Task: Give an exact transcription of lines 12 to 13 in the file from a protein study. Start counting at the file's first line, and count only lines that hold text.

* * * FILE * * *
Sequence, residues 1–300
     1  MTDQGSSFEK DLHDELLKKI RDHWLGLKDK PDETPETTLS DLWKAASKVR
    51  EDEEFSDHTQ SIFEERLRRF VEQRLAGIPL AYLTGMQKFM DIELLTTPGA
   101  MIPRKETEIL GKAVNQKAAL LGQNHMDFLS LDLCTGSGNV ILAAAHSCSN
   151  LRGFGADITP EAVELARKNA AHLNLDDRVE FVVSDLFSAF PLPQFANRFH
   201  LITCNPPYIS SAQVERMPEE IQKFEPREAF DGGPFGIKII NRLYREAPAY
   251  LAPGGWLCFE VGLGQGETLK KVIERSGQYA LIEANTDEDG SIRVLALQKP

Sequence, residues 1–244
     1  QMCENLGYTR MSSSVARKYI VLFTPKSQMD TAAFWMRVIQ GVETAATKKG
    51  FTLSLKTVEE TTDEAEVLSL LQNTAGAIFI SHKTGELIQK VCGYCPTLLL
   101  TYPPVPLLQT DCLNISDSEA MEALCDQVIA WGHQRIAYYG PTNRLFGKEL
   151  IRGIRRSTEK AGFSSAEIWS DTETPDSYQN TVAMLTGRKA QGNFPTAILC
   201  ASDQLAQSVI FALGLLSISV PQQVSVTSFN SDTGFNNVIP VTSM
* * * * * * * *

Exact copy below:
   151  IRGIRRSTEK AGFSSAEIWS DTETPDSYQN TVAMLTGRKA QGNFPTAILC
   201  ASDQLAQSVI FALGLLSISV PQQVSVTSFN SDTGFNNVIP VTSM